Methods: We invited never- and markedly under-screened (≥5 years overdue) 30-69-year-old Māori, Pacific, and Asian women to participate in an open-label, three-arm, community-based, randomised controlled trial, with a nested sub-study. We aimed to assess whether two specific invitation methods for self-sampling improved screening participation over usual care among the least medically served populations Women were individually randomised 3:3:1 to: clinic-based self-sampling (CLINIC - invited to take a self-sample at their usual general practice); home-based self-sampling (HOME - mailed a kit and invited to take a self-sample at home); and usual care (USUAL - invited to attend a clinic for collection of a standard cytology sample). Neither participants nor research staff could be blinded to the intervention. In a subset of general practices, women who did not participate within three months of invitation were opportunistically invited to take a self-sample, either next time they attended a clinic or by mail.

Findings: We randomised 3,553 women: 1,574 to CLINIC, 1,467 to HOME, and 512 to USUAL. Participation was highest in HOME (14.6% among Māori, 8.8% among Pacific, and 18.5% among Asian) with CLINIC (7.0%, 5.3% and 6.9%, respectively) and USUAL (2.0%, 1.7% and 4.5%, respectively) being lower. In fully adjusted models, participation was statistically significantly more likely in HOME than USUAL: Māori OR=9.7, (95%CI 3.0-31.5); Pacific OR=6.0 (1.8-19.5); and Asian OR=5.1 (2.4-10.9). There were no adverse outcomes reported. After three months, 2,780 non-responding women were invited to participate in a non-randomised, opportunistic, follow-on substudy. After 6 months,192 (6.9%) additional women had taken a self-sample.

Interpretation: Using recruitment methods that mimic usual practice, we provide critical evidence that self-sampling increases screening among the groups of women (never and under-screened) who experience the most barriers in Aotearoa New Zealand, although the absolute level of participation through this population approach was modest. Follow-up for most women was routine but a small proportion required intensive support.

Trial Registration: ANZCTR Identifier: ACTRN12618000367246 (date registered 12/3/2018) https://www.anzctr.org.au/Trial/Registration/TrialReview.aspx?id=371741&isReview=true; UTN: U1111-1189-0531.

Funding: Health Research Council of New Zealand (HRC 16/405).

Protocol: http://publichealth.massey.ac.nz/assets/Uploads/Study-protocol-V2.1Self-sampling-for-HPV-screening-a-community-trial.pdf.
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http://dx.doi.org/10.1016/j.lanwpc.2021.100265DOI Listing
http://www.ncbi.nlm.nih.gov/pmc/articles/PMC8427317PMC
November 2021

Cancer incidence in agricultural workers: Findings from an international consortium of agricultural cohort studies (AGRICOH).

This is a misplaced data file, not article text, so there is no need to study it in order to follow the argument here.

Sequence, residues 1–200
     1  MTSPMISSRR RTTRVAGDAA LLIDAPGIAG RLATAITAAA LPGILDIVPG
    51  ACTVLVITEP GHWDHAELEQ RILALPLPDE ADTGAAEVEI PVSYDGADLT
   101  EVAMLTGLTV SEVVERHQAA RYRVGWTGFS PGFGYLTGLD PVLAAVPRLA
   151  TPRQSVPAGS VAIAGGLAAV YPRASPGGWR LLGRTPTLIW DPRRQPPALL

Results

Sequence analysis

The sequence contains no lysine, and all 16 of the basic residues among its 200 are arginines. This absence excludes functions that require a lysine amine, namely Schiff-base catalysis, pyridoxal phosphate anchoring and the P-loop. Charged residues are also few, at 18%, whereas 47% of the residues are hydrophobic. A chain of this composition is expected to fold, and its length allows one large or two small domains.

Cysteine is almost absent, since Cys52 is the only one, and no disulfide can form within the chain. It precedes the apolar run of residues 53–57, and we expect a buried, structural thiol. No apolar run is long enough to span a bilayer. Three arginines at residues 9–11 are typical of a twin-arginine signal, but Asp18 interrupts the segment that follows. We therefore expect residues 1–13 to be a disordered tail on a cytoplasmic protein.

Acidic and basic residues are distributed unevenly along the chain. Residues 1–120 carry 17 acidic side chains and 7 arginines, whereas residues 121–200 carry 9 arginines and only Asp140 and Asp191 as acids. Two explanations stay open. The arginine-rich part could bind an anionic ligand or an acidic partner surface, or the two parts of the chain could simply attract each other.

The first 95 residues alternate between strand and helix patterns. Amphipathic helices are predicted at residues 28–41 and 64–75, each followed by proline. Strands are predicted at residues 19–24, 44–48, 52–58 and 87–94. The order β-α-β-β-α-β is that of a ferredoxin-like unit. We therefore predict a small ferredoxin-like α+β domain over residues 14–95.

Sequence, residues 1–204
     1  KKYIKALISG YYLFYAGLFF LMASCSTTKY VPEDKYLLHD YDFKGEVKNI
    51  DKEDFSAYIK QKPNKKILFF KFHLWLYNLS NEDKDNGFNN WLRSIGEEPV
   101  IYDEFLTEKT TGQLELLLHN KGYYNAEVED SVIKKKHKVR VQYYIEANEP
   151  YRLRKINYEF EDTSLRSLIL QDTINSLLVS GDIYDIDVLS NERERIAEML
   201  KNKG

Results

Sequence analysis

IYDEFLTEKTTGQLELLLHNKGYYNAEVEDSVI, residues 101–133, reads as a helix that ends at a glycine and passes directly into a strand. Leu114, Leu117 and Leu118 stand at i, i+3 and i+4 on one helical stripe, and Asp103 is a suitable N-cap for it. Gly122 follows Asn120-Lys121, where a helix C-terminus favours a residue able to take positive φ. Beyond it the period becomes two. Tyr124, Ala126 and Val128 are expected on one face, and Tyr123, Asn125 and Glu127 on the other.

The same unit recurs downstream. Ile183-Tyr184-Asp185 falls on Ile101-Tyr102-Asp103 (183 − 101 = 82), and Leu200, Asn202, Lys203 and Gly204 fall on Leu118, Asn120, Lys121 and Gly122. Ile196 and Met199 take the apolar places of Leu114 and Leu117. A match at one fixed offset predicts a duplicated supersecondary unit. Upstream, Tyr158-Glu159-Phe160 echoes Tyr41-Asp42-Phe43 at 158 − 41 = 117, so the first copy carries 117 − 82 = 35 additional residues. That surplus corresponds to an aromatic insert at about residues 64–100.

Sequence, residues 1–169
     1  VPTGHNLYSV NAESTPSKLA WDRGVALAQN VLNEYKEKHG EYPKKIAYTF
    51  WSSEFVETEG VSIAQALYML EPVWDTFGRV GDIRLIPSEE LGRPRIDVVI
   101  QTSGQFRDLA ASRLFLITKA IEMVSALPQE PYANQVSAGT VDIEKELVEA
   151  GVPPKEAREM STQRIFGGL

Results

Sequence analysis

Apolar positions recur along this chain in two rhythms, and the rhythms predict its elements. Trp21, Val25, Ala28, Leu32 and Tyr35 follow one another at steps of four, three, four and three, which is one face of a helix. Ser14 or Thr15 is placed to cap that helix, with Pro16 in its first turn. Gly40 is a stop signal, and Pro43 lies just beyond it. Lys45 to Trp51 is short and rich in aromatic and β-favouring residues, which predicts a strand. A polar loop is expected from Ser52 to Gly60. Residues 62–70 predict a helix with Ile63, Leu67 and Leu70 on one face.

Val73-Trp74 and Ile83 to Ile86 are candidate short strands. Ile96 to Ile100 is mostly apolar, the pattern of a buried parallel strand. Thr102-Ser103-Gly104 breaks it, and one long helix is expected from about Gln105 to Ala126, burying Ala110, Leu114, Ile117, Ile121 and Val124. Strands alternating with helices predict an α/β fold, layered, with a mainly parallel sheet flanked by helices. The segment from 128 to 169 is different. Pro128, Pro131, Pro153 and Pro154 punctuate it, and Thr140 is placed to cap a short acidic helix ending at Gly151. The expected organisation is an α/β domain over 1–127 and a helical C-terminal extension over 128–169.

Environ Int 2021 12 27;157:106825. Epub 2021 Aug 27.

Environment and Lifestyle Epidemiology Branch, International Agency for Research on Cancer (IARC/WHO), Lyon, France.

Background: Agricultural work can expose workers to potentially hazardous agents including known and suspected carcinogens. This study aimed to evaluate cancer incidence in male and female agricultural workers in an international consortium, AGRICOH, relative to their respective general populations.

Methods: The analysis included eight cohorts that were linked to their respective cancer registries: France (AGRICAN: n = 128,101), the US (AHS: n = 51,165, MESA: n = 2,177), Norway (CNAP: n = 43,834), Australia (2 cohorts combined, Australian Pesticide Exposed Workers: n = 12,215 and Victorian Grain Farmers: n = 919), Republic of Korea (KMCC: n = 8,432), and Denmark (SUS: n = 1,899). For various cancer sites and all cancers combined, standardized incidence ratios (SIR) and 95% confidence intervals (CIs) were calculated for each cohort using national or regional rates as reference rates and were combined by random-effects meta-analysis.

Results: During nearly 2,800,000 person-years, a total of 23,188 cancers were observed. Elevated risks were observed for melanoma of the skin (number of cohorts = 3, meta-SIR = 1.18, CI: 1.01-1.38) and multiple myeloma (n = 4, meta-SIR = 1.27, CI: 1.04-1.54) in women and prostate cancer (n = 6, meta-SIR = 1.06, CI: 1.01-1.12), compared to the general population. In contrast, a deficit was observed for the incidence of several cancers, including cancers of the bladder, breast (female), colorectum, esophagus, larynx, lung, and pancreas and all cancers combined (n = 7, meta-SIR for all cancers combined = 0.83, 95% CI: 0.77-0.90). The direction of risk was largely consistent across cohorts although we observed large between-cohort variations in SIR for cancers of the liver and lung in men and women, and stomach, colorectum, and skin in men.